Framework for Public Value Proves Its Worth

Framework for Public Value Proves Its Worth

While IT has clearly transformed government, making many programs and services more effective and cheaper to deliver, the battle to communicate the public benefits of these investments has never been harder to wage.

Every investment decision requires a leap of faith — sometimes a large one — into an uncertain future.

But after decades of investments and billions of dollars sunk into IT, governments worldwide remain largely unable to convincingly demonstrate a return on investment (ROI) that is widely understood or based upon well-grounded measures, according to a new issues brief from the New York-based Center for Technology in Government.

The answer, according to deputy director, Anthony M Cresswell, lies in the public value framework the centre developed to give government IT executives and analysts an assessment tool based on the public’s point of view, rather than the government’s.

Creswell points out that even government IT investments specifically aimed at public value returns like greater security or transparency are challenging to define and even harder to measure.

“From this point of view we can see two sources of public returns: (1) value that results from improving the government itself as an asset to the society, and (2) value that results from delivering specific benefits directly to persons or groups.

“Value creation can therefore come as much from increasing the integrity and transparency of government as from reducing costs through activities such as online tax processing, licence application and renewals, obtaining information, filing forms, etc,” he says.

This take on value also includes many stakeholders, each with special interests and expectations from government; many kinds of public interests require an expansive way to view public value.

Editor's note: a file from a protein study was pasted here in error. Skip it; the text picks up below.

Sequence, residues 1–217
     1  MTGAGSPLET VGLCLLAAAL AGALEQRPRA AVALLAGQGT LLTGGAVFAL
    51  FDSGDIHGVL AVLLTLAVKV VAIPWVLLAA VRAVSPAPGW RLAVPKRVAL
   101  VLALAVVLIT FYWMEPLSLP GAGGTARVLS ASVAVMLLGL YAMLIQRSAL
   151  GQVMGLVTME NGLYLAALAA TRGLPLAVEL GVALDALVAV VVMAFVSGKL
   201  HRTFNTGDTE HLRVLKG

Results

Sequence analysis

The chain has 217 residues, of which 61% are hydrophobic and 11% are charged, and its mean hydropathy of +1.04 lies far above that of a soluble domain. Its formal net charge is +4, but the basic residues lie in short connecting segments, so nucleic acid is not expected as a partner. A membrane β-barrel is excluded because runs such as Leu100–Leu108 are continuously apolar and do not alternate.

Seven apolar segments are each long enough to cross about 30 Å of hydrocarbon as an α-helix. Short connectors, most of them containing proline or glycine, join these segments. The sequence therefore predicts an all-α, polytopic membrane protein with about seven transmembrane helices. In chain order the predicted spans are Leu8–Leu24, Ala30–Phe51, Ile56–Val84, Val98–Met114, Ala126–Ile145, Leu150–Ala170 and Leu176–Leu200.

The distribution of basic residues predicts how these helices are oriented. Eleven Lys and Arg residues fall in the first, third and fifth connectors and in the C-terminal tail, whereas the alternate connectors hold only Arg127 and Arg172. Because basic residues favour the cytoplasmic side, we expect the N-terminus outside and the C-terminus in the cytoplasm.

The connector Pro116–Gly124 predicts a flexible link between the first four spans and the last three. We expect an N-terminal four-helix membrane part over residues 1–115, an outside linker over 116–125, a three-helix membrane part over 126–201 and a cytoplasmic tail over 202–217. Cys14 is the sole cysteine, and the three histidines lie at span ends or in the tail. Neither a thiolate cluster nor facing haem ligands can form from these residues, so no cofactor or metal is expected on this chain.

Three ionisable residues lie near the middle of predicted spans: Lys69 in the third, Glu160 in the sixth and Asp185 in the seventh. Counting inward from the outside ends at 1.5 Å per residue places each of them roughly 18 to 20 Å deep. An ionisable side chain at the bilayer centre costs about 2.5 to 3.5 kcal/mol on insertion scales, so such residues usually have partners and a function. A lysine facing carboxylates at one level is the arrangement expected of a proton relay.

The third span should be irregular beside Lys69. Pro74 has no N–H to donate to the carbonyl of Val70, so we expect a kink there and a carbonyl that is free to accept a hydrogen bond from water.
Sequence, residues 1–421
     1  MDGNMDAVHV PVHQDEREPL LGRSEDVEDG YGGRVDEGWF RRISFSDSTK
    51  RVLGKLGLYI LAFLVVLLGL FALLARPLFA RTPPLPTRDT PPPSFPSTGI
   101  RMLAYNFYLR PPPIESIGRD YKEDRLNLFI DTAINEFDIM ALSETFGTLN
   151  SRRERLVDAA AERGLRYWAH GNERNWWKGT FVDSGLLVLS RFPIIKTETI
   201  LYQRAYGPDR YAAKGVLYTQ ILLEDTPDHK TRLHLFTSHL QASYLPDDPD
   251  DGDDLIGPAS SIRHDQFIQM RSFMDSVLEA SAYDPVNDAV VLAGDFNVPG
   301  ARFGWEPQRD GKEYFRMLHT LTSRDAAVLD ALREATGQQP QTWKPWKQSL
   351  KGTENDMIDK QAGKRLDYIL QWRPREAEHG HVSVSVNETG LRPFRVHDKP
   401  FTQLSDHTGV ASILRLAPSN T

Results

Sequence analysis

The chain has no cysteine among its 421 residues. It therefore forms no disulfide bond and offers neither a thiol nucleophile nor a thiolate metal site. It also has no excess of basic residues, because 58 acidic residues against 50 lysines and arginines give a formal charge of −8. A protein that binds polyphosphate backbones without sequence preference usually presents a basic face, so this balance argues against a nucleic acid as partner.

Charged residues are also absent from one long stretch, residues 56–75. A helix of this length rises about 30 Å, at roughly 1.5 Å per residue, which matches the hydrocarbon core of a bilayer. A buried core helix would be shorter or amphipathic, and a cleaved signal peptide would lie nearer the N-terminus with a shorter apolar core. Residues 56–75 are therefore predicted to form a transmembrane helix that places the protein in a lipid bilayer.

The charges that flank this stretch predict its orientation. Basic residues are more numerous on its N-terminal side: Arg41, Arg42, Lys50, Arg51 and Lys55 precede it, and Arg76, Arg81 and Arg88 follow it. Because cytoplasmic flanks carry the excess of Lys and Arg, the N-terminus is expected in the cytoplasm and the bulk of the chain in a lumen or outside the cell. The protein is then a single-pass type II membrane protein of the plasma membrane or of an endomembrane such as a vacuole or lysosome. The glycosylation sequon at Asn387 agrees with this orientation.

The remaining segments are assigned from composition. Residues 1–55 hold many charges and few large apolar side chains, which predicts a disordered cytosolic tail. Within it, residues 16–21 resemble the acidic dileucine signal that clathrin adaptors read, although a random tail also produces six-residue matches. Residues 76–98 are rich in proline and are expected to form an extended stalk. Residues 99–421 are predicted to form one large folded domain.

Cresswell points out the low-hanging fruit available from early IT investments like establishing a Web presence and automating simple service transactions has largely been harvested. More substantial improvements in government today typically involve exploiting the integrative and transformative potential of IT, but these projects require much larger investments, making connecting a particular IT investment to some observable public benefit an even greater imperative.

“The framework shows how to take into account how public value can change across the many interests of citizens and groups in interacting with governments,” Cresswell says.

“The desire for a more comprehensive and robust justification for new IT investments reflects their greater complexity and ambition. Conventional ROI analysis is simply inadequate to meet elected officials’ demands for greater scrutiny. Therefore, using such an expanded scope of assessment, even though more expensive, is both critical and necessary. The new knowledge about public value made available by using such a broad framework can meet both political and citizen demands. In addition, it can help guide other forms of investment, both IT and non-IT, and provide a basis for analyzing how multiple investments can work together and contribute to a more fundamental improvement in government.”

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